One of the most exciting photo ops of the heroic round-the-clock race to build Luna Park occurred just one week before the grand opening. Workers from Zamperla and Paul Signs were putting four giant pinwheel and crescent moons into place on the front gate. We ran out from our booth to witness the historic occasion. At 6:30 pm, when the fourth pinwheel was in place, we stood with two other photographers in the middle of Surf Avenue getting shots of the magnificent gate, which pays homage to the entrance of the original Luna Park.
4. Out With the Old in Coney Island: Only 2 of 11 Boardwalk Businesses Invited Back – November 1, 2010
On the day after the 2010 season ended, we were shocked to hear from Boardwalk folks that Ruby’s Bar and several other Boardwalk businesses had received vacate notices from CAI/Zamperla. We phoned Zamperla USA CEO Valerio Ferrari for confirmation. “They didn’t have the vision that we have for the Boardwalk,” Ferrari told ATZ. “It’s a business decision.” He said Zamperla/CAI’s vision is to revitalize the Boardwalk by making it a lively place open 365 days a year. But it’s also a matter of investment dollars. Luna Park is investing $1.4 million in a new restaurant at the corner of Surf and 10th Street, formerly occupied by Gregory & Paul’s. A Boardwalk restaurant/bar hoping to get a lease renewal would have had to make a million dollar investment as well, Ferrari said.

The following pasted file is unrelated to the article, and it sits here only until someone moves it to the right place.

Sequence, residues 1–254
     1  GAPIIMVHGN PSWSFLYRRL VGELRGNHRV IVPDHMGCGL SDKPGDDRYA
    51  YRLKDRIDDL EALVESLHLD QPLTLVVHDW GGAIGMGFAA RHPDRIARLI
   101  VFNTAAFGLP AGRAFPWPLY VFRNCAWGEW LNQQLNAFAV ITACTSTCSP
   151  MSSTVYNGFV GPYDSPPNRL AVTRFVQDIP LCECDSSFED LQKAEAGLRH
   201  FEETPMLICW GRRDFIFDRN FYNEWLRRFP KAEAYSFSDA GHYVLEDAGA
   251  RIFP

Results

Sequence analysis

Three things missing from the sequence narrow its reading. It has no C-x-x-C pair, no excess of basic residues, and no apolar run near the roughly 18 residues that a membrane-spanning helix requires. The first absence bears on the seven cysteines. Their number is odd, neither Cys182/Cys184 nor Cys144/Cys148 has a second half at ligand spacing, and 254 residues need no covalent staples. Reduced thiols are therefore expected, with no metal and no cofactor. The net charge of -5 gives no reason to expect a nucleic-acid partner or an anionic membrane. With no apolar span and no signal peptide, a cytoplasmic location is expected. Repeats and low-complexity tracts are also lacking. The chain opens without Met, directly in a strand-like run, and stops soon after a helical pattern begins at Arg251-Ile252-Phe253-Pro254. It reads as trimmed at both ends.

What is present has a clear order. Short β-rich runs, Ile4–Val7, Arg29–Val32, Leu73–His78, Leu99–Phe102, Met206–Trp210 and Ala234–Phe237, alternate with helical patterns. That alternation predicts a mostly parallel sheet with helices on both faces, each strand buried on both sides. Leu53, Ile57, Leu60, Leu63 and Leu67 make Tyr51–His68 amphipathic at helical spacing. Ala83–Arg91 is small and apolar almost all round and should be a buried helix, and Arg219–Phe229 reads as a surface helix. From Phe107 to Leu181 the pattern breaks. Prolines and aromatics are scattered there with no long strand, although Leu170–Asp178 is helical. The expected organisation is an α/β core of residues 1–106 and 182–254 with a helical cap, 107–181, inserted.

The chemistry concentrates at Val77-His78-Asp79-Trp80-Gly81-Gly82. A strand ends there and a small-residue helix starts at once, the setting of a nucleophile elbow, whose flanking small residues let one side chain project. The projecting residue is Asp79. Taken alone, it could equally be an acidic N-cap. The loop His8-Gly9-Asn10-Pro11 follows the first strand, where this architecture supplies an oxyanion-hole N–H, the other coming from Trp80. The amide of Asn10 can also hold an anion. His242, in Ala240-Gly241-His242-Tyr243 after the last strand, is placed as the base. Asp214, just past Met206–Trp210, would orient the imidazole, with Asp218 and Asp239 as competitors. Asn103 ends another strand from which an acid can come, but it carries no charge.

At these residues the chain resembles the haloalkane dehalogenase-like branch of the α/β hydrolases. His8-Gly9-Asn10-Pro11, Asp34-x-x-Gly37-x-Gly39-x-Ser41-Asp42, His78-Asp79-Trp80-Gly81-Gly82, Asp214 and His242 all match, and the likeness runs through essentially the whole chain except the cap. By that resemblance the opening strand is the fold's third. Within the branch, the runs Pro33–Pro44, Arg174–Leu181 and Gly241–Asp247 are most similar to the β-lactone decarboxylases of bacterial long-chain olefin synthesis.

5. Friends of Ruby’s Bar Launch Petition, Plan Nov 6 Rally – November 3, 2010
After the Monday Morning Massacre of the Boardwalk businesses, friends of Ruby’s Bar spread the word via Facebook and email to “all Ruby’s family and friends” to gather for “last call” on November 6th. “We are not going quietly,” Rubyshost said in an email. A petition was launched that began: “Dear Mayor Bloomberg and Mr. Ferrari, It has been brought to my attention that a historic piece of Coney Island is being kicked out. How does a business that has been there since 1934 get kicked out?”